tmpnam() function in C

1

The tmpnam() function is a special function which is declared inside “stdio.h” header file. It generates a different temporary file name each time it is called up to at least TMP_MAX names. Here TMP_MAX represents maximum number of different file names that can be produce by tmpnam() function. If it is called more than TMP_MAX times, the behavior is implementation dependent.Here, L_tmpnam define the size needed for an array of char to hold the result of tmpnam.

Syntax :

char *tmpnam(char *str)
s : The character array to copy the file name.
It generates and returns a valid temporary 
filename which does not exist. 
If str is null then it simply returns the tmp file name.
// C program to generate random temporary file names.
#include <stdio.h>
int main(void)
{
    // L_tmpnam declared in the stdio.h file.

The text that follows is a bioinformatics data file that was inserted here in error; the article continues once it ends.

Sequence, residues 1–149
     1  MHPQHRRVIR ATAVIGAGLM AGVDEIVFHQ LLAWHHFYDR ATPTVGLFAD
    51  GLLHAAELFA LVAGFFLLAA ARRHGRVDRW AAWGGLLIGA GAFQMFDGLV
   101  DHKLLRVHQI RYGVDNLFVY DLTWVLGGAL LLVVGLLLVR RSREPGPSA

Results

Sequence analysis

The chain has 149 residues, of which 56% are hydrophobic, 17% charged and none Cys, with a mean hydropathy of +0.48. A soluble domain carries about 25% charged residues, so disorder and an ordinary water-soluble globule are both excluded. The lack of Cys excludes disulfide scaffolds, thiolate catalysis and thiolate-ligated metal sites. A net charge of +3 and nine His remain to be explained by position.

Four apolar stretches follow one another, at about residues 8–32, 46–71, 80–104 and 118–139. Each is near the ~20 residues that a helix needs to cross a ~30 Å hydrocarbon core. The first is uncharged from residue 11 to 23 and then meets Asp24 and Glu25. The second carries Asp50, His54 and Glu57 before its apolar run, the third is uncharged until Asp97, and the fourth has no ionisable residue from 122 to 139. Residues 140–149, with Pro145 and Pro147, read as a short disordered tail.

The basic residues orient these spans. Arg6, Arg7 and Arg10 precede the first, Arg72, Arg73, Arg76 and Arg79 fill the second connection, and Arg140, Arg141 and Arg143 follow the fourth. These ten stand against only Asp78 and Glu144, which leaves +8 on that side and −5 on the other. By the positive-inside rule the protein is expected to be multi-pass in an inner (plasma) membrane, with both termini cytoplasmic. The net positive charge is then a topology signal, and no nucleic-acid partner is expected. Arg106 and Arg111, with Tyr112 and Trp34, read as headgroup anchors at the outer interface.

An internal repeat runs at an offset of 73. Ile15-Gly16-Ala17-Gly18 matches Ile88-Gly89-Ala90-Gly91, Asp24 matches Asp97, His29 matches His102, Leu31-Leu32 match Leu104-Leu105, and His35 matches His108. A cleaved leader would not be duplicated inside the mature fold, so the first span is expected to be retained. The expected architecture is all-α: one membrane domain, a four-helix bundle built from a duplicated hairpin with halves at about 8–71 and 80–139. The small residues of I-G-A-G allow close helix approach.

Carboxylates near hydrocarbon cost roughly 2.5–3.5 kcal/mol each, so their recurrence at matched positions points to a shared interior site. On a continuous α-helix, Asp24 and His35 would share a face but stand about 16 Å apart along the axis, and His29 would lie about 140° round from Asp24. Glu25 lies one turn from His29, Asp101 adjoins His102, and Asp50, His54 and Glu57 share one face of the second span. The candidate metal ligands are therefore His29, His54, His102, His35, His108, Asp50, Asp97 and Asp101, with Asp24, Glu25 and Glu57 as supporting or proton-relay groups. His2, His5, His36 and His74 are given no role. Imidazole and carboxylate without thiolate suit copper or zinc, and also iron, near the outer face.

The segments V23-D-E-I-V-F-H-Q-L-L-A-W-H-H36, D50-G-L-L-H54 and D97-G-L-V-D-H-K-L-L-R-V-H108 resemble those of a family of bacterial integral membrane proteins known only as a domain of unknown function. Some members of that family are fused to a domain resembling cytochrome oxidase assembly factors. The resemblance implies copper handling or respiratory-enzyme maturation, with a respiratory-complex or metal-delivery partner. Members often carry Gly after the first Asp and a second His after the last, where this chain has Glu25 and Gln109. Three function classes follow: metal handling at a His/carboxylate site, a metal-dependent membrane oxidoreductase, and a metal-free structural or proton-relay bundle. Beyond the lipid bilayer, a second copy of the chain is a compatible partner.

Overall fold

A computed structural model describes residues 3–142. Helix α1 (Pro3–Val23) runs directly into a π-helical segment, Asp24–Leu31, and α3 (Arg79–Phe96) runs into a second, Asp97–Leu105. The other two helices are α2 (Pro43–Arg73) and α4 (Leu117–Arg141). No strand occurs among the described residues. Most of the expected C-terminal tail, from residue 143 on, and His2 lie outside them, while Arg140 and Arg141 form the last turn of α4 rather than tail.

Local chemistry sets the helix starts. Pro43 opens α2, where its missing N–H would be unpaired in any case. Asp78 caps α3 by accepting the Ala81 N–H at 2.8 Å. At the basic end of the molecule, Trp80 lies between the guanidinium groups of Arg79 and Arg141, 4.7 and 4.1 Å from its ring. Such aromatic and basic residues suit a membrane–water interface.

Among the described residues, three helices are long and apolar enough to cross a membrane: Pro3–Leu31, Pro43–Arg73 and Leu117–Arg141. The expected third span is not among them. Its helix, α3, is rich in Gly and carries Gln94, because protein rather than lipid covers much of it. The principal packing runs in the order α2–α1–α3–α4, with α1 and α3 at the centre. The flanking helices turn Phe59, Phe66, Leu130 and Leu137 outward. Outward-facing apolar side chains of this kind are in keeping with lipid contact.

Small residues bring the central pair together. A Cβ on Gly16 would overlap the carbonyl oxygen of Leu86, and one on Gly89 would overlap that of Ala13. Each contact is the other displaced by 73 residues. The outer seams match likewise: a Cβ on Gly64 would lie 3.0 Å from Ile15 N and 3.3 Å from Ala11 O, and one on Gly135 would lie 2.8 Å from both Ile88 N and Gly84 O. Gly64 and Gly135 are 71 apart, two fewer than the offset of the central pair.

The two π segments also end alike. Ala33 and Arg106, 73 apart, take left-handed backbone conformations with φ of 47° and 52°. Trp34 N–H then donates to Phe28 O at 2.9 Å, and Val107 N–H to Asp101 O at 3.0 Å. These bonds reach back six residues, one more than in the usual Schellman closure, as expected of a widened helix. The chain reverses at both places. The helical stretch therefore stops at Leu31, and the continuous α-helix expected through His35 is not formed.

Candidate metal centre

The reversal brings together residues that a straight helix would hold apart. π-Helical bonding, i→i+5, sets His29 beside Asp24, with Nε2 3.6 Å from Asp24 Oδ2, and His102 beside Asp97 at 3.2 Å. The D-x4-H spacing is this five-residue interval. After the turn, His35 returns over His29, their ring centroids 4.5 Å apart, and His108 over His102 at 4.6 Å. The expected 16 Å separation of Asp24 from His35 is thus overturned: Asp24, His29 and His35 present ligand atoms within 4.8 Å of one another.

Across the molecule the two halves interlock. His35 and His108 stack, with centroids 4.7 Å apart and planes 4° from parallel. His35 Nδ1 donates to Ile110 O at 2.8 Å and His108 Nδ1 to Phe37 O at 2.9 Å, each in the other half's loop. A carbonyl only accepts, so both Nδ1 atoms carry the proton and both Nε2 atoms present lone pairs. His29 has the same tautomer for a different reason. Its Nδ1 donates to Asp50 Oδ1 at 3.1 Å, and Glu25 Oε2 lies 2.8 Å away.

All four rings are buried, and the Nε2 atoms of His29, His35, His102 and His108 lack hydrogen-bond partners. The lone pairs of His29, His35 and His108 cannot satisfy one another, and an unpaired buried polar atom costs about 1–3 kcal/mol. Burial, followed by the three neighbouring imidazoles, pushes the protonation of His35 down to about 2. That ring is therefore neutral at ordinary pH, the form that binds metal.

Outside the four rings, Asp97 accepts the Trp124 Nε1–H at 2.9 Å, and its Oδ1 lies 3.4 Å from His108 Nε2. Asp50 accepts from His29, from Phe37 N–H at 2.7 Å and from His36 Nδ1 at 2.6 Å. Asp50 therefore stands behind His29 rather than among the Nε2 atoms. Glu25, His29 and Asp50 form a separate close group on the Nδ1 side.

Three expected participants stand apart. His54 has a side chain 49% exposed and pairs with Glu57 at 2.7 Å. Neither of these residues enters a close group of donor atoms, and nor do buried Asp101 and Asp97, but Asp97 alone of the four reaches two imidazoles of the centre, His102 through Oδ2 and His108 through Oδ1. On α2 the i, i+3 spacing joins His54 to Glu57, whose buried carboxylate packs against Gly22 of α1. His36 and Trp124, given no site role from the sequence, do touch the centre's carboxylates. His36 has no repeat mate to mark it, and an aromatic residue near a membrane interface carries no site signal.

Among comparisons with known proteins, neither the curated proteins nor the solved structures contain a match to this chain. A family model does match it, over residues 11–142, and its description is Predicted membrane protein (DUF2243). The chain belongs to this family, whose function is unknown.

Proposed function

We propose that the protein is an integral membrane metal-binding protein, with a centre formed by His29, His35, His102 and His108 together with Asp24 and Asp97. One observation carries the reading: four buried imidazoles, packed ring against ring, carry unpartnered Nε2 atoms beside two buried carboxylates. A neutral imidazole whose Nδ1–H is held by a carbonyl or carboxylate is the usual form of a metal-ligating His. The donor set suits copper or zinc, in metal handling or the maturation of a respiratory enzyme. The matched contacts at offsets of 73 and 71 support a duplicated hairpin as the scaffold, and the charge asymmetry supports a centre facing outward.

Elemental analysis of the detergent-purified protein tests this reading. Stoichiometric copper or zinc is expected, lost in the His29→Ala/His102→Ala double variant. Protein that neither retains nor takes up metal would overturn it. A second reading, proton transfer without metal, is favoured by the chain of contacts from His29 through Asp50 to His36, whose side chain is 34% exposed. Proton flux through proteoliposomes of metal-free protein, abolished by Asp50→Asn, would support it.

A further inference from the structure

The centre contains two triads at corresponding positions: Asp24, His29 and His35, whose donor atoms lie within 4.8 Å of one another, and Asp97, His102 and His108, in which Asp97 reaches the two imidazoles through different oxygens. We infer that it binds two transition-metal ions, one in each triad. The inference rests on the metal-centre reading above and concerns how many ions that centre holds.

// L_tmpnam define length of the generated file name.
    char generate[L_tmpnam + 1]; // Add +1 for the null character.
    tmpnam(generate);
    puts(generate);
    return 0;
}

Output:

The file names are dependent on running machine, which can be anything.
Example: /tmp/fileRTOA0m
         \s260.
         \s3ok.
         \s5gg. etc

This article is contributed by Bishal Kumar Dubey. If you like GeeksforGeeks and would like to contribute, you can also write an article using contribute.geeksforgeeks.org or mail your article to contribute@geeksforgeeks.org. See your article appearing on the GeeksforGeeks main page and help other Geeks.

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